Breathing through the mouth during sleep might be leading to dental erosion and decay through increased acidity levels. The findings of this study are published in the Journal of Oral Rehabilitation.
Dentistry scientists from the University of Otago in New Zealand investigated the levels of acidity in the mouths of participants while they were asleep. It was found that the results would differ as per the mouth being open or closed during sleep.
The team of researchers measured pH levels in the mouths of 10 participants who would sleep with and without a nose clip on alternate nights such that they would breathe through the mouth at one point and through the nose at another. It was found that the average mouth pH during sleep when the volunteer breathed through the mouth was lower than the normal mean during sleep: 6.6 as opposed to 7.0. The researchers explain the difference is statistically significant when compared with the figures from normal sleep conditions.
Lead author Joanne Choi explains that the intraoral pH would decrease gradually over the sleep hours for all the participants regardless of open-mouth or not, but the fall would be greater over a long stretch of time during open-mouth sleeping. For some of these volunteers, the pH dropped to 3.6 — note that the threshold pH for the breaking down of tooth enamel is at 5.5.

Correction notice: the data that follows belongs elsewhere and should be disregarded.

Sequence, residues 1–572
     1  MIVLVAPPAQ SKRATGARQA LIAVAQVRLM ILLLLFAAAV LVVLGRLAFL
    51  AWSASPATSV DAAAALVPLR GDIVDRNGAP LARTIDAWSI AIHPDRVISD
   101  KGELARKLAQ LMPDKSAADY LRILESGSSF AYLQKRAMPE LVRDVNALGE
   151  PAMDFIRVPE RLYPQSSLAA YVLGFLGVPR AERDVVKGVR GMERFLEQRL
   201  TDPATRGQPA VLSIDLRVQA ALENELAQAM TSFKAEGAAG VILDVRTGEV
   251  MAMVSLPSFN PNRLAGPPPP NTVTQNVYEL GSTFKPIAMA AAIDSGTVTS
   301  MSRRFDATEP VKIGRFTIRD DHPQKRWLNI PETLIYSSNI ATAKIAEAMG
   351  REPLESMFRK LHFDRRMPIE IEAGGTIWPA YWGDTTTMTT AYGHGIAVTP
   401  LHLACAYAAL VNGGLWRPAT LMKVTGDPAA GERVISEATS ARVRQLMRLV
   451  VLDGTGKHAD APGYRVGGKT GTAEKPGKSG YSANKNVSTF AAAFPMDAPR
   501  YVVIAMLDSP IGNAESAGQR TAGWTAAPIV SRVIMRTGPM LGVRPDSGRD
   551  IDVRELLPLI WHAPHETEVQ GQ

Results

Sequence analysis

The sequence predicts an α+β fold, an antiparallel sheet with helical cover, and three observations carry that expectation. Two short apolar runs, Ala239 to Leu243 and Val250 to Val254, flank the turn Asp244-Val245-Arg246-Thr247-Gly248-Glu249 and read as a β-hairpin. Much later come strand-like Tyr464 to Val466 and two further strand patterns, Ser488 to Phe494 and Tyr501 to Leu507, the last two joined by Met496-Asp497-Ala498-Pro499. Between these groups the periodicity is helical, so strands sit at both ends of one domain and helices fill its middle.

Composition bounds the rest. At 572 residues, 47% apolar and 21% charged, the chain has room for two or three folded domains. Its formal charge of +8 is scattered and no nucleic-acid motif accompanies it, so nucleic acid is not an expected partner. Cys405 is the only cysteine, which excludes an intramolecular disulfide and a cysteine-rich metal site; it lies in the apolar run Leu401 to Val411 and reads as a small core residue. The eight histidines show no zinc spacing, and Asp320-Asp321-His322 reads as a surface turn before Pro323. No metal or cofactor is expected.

Having the mouth open during sleep implies breathing through the mouth. This causes the drying up of saliva which should otherwise be protecting the mouth environment from becoming too acidic. Low pHs are associated with dental erosion that entails the loss of tooth enamel and with bacterial growth that leads to acid production when breaking down food. As a consequence, dry-mouth patients have a higher risk of dental erosion than those with normal salivary secretion.
The researchers, therefore, conclude that mouth breathing might be a cause of dental diseases like enamel erosion and tooth decay.
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